SALEM — A majority of residents who spoke to the City Council Thursday night came out in favor of a proposal to allow in-law apartments in the city.
A total of 35 residents spoke on the issue during the council meeting held on Zoom, with 22 in favor and 13 opposed. The council voted to table the matter and take it up again at a future meeting.
The in-law apartment ordinance, known more formally as “accessory dwelling units” or ADUs, would allow homeowners around Salem to build smaller apartments in their homes or create exterior additions to accomplish the same. Rules exist today allowing homeowners to do so, but only for relatives or caregivers.
Proponents said the ordinance would provide more affordable options for everyone from Salem State University graduates who want to continue to stay in the city to senior citizens who want to be able to stay in their homes. Rent for the units would be capped at 25 percent below fair market rent, which would be $1,286 for a studio, $1,425 for a one-bedroom, and $1,733 for a two-bedroom, according to the city’s planning department.
“Most of us are one setback away from endangering our housing,” Forest Avenue resident Rosa Ordaz told councilors. “We can barely make it. This will really set the tone for what kind of city we want to be and who we value as part of our community.”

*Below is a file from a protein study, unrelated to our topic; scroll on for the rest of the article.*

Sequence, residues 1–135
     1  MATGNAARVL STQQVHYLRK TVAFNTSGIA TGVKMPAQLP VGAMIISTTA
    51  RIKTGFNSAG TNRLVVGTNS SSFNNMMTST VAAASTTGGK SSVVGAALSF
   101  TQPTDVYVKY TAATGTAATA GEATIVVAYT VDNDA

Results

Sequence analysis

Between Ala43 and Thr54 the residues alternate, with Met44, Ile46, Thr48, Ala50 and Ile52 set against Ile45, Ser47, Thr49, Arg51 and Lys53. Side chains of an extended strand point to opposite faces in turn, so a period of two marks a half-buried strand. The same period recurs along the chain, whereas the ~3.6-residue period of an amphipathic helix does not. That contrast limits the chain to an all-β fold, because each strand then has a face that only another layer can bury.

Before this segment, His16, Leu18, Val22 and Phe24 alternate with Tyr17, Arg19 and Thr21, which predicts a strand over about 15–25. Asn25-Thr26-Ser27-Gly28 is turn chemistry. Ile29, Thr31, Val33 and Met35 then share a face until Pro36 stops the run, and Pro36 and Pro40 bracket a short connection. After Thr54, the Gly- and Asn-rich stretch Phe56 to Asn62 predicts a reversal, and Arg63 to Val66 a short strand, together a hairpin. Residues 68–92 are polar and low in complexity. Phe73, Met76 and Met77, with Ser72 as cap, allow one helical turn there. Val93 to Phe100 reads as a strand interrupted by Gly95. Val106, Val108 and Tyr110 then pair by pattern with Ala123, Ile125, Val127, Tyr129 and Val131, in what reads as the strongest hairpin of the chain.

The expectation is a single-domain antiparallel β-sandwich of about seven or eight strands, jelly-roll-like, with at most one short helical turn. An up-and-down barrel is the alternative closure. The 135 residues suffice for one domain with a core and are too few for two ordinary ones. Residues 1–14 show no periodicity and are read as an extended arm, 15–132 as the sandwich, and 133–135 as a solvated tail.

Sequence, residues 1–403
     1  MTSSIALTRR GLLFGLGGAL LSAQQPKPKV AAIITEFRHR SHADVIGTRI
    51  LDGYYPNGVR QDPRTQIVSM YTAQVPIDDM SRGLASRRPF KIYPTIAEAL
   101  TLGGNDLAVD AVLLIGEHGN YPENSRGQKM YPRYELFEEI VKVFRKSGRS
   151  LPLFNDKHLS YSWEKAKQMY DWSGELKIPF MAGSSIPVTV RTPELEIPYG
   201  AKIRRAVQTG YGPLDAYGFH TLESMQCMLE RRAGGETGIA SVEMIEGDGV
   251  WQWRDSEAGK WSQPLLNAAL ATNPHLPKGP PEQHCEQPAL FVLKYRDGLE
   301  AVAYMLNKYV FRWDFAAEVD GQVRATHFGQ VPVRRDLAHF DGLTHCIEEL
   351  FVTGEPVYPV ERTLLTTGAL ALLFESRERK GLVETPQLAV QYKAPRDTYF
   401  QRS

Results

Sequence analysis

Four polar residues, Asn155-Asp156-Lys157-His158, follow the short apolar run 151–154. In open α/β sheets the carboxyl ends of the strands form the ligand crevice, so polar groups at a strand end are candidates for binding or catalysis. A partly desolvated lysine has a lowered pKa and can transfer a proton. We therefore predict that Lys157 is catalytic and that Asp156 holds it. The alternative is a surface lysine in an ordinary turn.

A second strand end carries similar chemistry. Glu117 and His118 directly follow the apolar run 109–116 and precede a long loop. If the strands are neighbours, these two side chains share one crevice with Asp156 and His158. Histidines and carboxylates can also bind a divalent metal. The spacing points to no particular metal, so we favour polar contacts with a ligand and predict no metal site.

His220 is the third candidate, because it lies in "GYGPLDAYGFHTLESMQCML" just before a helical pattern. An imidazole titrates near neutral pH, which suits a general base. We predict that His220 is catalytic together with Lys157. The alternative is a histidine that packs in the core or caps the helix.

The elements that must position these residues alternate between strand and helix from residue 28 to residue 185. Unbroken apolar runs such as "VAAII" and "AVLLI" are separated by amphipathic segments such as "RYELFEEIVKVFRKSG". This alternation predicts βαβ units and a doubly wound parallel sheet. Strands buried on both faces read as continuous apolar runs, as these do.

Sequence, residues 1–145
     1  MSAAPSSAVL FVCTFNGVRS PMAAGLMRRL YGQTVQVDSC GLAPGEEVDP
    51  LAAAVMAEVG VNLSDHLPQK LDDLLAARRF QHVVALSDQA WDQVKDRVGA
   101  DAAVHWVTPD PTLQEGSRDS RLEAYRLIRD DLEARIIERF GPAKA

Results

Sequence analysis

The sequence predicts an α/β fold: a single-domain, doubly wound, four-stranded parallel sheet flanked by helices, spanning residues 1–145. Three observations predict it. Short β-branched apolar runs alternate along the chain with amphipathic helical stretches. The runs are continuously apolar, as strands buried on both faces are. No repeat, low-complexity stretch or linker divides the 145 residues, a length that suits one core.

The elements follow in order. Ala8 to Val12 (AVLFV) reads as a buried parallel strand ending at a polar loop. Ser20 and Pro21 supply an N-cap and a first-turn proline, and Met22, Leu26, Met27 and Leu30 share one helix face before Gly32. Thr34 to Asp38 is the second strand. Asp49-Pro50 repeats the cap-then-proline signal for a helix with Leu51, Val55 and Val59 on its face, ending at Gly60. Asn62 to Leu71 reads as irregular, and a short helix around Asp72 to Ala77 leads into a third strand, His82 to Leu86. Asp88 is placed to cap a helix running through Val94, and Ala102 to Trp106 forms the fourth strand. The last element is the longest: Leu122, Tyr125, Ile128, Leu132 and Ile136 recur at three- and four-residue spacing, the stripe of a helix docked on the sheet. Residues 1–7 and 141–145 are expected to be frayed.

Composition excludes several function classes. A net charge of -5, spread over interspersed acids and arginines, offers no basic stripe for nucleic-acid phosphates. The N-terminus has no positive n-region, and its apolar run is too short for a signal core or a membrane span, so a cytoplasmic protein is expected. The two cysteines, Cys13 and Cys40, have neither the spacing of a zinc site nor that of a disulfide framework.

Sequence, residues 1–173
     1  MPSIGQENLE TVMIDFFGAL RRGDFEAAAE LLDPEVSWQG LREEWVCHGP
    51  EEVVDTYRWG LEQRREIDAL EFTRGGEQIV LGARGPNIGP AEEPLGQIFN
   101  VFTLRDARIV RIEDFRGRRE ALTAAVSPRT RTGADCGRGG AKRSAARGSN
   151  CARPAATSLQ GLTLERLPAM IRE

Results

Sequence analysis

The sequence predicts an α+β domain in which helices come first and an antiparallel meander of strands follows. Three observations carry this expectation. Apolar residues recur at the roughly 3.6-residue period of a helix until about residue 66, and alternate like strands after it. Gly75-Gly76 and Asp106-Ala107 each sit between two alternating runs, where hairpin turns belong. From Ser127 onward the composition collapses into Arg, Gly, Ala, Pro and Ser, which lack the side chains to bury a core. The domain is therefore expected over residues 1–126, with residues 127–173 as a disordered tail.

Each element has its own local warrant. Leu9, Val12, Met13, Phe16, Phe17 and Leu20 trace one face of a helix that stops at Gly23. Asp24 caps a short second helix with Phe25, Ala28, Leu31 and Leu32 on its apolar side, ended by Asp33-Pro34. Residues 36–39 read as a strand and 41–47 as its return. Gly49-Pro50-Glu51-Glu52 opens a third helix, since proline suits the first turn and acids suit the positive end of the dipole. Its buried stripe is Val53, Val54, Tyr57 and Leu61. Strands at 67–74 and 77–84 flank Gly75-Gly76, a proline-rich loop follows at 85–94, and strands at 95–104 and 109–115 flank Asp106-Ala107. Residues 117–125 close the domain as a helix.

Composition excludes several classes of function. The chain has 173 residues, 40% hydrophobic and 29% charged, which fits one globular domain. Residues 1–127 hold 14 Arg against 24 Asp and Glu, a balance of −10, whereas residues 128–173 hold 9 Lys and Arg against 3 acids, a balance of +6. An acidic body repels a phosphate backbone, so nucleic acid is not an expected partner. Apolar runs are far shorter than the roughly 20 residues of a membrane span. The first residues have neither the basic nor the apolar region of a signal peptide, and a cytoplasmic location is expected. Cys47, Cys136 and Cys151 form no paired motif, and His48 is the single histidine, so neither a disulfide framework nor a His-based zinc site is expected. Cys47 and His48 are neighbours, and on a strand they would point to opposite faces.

Goodhue Street resident Nicole Lashomb said that even a few hundred dollars off somebody’s rent can allow them to stay in the city. She said the units will blend into existing neighborhoods.
“Salem is beautiful in every color that it comes in, every fabric that it comes in,” she said.
But Bayview Circle resident Nadine Hanscom said the apartments will change the character of the city’s neighborhoods.
“We have a beautiful single-family neighborhood,” she said. “Nobody has the right to change the single-family neighborhood, if you’re an elected official or not.”
Resident Alvi Ibanez agreed, saying his neighborhood is already “under siege” from development.
“I like Salem the way it is,” Ibanez said. “An overpopulated Salem is not something I want for my life or for my children.”
“These are neighborhoods that many of us cherish,” Tremont Street resident Christine Derby said. “The new ordinance is totally going to change our neighborhoods under the guise of housing.”
Graysen Ocasio, a member of the Latino Leadership Coalition, said the organization voted Thursday to support the ADU ordinance and urged councilors to vote in favor.
“When someone says, ‘Maintain our neighborhood, it’s beautiful,’ it sounds extremely charged to somebody like me,” Ocasio said.
Mickey Northcutt, the CEO of Salem-based North Shore Community Development Corporation, said ADUs are “perfect” for older folks who want to live in a small space that requires less maintenance, as well as for young people.
“Who among us doesn’t know young people who are starting off and just abjectly struggling for housing?,” Northcutt said. “I would’ve killed for one of these apartments if they were readily available when I was that age.”
Staff writer Paul Leighton can be reached at 978-338-2535 or email@example.com.